Gardening basics: How to start a garden in Colorado during coronavirus
Colorado is under a stay at home order, but that doesn’t mean you can’t get into your backyard and start gardening. Everyone can get into the action, whether you live in an apartment or house on a large lot.
Even if you’ve never opened a packet of seeds before, in a matter of weeks you could be enjoying fresh homegrown salads.
The benefits of gardening are numerous. For starters, being outside in fresh air and getting some exercise is a welcome break from online bingeing. According to the National Gardening Association, between 200 and 300 calories are burned per hour while gardening.
Garden retailers along the Front Range say that many customers are learning how to garden and grow plants for the first time. This includes house plants as well as vegetables and herbs for preparedness in these uncertain times. It also gives people an activity to do with the family and establishes a connection to what their parents and grandparents may have experienced.
“People feel good when working in the garden, spiritually and emotionally, similar to the Victory Gardens during World War II,” said Michael Morris, hardgoods manager at The Flower Bin in Longmont.
“Gardening is the best therapy in the world, better than a therapist,” added Richard Ortega, co-owner of Nick’s Garden Center and Farm Market in Aurora.
Both stores are currently open for walk-in shopping (respecting CDC social distancing guidelines) as well as curbside pickup.
Here are some tips on getting started.
The keys to growing success are like anything in life: A little planning and a little know-how goes a long way toward enjoying the blooms and fruits of your efforts. Start small this first year: A few containers or a small raised bed should provide enough flowers, vegetables, fruits and herbs to give you a taste of success and experiences for next year.
Keep in mind the outdoor growing season for the Denver area is about 160 days, In Evergreen, it is 87 days, and in Castle Rock it’s 104 days.
Think about what you want to grow before you shop. Perhaps a few annuals and pops of color on the balcony or around the yard? Or is it your goal to become an urban farmer and share the harvest?
Now think about location. All plants need sun (some more than others). East-, south- and west-facing locations are ideal for most blooming plants and vegetables. North exposures work for more shade-loving plants and leafy vegetables. Garden centers group like-minded sun exposure plants together; when ordering online or over the phone, be sure to mention your sun exposure.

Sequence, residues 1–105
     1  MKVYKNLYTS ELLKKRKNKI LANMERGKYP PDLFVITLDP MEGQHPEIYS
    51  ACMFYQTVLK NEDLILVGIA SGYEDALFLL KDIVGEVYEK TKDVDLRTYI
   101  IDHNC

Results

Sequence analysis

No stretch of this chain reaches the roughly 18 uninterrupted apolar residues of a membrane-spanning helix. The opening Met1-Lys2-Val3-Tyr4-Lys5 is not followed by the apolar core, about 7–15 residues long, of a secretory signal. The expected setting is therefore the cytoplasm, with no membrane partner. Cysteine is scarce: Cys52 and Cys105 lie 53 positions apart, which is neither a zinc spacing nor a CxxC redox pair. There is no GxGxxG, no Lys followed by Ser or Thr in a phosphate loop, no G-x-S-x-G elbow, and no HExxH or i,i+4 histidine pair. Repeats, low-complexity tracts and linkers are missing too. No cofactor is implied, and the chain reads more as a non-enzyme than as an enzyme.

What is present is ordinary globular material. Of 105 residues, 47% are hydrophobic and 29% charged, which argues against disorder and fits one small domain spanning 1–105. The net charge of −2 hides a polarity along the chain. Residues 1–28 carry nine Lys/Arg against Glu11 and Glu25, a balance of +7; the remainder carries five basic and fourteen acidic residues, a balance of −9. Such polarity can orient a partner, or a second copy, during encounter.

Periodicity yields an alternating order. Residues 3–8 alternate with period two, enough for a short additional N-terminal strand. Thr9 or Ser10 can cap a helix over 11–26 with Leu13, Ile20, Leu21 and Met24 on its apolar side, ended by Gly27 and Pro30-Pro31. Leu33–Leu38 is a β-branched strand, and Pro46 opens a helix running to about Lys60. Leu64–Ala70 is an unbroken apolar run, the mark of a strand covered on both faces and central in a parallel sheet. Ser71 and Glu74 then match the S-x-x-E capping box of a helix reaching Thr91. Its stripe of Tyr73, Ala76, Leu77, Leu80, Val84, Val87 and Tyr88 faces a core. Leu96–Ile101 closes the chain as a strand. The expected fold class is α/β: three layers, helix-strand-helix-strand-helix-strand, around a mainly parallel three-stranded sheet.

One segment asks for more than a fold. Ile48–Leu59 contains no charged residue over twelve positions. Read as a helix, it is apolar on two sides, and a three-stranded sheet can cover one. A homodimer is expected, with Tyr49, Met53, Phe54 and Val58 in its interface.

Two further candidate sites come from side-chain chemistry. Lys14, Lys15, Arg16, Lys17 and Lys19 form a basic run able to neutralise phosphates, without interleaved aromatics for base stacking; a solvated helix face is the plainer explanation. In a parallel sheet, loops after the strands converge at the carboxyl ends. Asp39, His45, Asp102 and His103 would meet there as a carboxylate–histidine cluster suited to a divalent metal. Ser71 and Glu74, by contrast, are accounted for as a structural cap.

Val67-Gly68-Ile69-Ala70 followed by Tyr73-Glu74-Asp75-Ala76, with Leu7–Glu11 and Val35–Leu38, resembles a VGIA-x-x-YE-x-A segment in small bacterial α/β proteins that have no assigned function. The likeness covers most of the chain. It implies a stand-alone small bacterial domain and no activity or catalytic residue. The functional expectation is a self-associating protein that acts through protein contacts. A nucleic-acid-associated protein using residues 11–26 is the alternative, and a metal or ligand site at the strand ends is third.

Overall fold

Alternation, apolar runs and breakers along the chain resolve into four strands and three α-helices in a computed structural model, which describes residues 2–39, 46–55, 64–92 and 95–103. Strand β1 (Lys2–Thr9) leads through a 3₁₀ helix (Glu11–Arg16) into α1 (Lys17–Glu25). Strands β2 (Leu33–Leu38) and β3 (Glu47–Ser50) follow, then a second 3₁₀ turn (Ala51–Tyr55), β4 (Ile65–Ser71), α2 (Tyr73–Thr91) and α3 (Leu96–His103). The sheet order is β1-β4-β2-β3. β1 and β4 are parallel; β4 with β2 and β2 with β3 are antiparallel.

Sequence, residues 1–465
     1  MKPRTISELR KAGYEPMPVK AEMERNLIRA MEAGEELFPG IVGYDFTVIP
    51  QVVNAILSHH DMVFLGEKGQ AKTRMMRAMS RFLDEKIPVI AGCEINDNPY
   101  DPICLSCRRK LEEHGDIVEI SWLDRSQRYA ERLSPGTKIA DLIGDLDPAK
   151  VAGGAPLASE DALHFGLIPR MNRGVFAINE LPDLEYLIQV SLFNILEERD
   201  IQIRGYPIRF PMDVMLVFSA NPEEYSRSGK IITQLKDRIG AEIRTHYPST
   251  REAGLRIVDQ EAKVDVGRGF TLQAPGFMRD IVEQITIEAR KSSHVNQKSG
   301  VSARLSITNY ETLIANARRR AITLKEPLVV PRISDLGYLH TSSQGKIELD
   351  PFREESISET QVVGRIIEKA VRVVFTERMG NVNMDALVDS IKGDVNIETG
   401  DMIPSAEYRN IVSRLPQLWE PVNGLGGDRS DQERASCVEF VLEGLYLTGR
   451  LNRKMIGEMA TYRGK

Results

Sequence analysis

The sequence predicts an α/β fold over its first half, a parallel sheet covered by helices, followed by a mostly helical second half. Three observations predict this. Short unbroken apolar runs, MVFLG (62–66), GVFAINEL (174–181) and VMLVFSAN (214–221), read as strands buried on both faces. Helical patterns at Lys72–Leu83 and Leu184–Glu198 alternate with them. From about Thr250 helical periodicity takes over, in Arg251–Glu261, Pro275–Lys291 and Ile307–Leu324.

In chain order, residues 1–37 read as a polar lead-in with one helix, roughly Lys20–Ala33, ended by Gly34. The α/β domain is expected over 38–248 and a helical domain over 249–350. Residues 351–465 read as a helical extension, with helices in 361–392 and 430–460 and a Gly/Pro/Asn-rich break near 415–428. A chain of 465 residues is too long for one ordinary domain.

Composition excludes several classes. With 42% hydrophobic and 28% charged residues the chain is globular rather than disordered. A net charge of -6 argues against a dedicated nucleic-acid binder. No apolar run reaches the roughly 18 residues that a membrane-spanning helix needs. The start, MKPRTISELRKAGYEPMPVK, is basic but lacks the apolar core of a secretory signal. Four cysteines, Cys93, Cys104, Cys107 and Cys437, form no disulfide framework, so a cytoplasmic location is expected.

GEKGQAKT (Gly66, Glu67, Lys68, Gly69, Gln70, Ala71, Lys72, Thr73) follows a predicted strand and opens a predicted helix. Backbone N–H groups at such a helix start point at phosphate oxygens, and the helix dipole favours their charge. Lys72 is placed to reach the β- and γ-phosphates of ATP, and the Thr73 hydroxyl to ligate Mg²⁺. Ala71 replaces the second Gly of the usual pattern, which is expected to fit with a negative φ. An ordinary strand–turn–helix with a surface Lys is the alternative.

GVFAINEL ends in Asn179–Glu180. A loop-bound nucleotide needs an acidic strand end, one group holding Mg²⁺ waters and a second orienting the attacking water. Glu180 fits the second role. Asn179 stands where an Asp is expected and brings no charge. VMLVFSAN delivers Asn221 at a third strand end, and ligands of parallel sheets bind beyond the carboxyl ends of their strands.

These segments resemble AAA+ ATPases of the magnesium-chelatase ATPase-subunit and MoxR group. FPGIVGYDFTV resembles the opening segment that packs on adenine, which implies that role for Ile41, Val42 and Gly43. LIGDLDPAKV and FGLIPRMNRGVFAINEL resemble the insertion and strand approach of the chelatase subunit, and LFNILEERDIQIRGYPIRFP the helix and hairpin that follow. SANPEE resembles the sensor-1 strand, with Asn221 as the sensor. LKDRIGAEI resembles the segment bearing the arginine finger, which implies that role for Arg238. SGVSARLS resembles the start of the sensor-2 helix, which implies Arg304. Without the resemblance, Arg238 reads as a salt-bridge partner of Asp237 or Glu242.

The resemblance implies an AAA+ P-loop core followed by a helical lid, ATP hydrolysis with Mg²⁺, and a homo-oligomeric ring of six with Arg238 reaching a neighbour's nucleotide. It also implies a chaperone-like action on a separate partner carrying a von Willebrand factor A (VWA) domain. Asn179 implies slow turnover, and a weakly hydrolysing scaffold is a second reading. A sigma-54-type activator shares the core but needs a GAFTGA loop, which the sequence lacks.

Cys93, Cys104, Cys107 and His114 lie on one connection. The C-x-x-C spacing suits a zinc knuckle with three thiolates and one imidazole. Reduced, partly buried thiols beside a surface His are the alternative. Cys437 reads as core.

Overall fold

Next, look to the ground. All plants need soil conditions that encourage roots to develop and moisture to drain well; otherwise the roots can drown and die. Seasoned gardeners spend years amending in-ground planting areas (especially for vegetables) with bagged soils or homemade compost to loosen up soils for improved growth.
The quickest way to avoid dealing with our challenging soils this season is to grow plants in containers, a do-it-yourself raised bed or a raised-bed kit from a garden center. Creating rectangular-shaped mounds with soil amendments and foregoing the frame works, too.
Containers need a drainage hole. Use a new coffee filter over the hole, then fill the container with bagged soil that is meant for growing plants in pots. Avoid using existing soil from the backyard; it’s too heavy and the contents can inhibit healthy plant growth.
Before you get too far along, you need to know when to plant. Along the Front Range, there are three planting windows with some overlap (add two to three weeks for higher elevations). This is based on what conditions and temperatures in which plants prefer to grow. The first cool-season window — April 15 to May 15 — is for plants that prefer cooler growing conditions, like pansies, snapdragons, lettuce, spinach, kale, broccoli, onions, strawberries and herbs like chives, parsley and cilantro.
For quicker growth, instead of starting seeds, purchase established plants or vegetable “starts” from garden centers. Many leafy green crops such as broccoli and beet starts are being sold at garden centers right now. Fruits like strawberries are sold bare-root (they look like dry rooted plants) or small starter plants sold in six-pack trays.
Onions grow the quickest when planted as small bulbs or sets. They can go in the ground right now since they are buried below the soil. They will be up and growing in a couple of weeks. Harvest early for green onions (scallions) or let them grow all summer for mature plants.
Before planting outside, “harden off” all new plants, getting them used to outdoor conditions by setting them out for an hour or two each day, and then increasing time and sun exposure over several days. Cover newbie plants on nights below 45 degrees with a box or lightweight sheet or when hail is predicted. Remove the protection the next day when it warms up.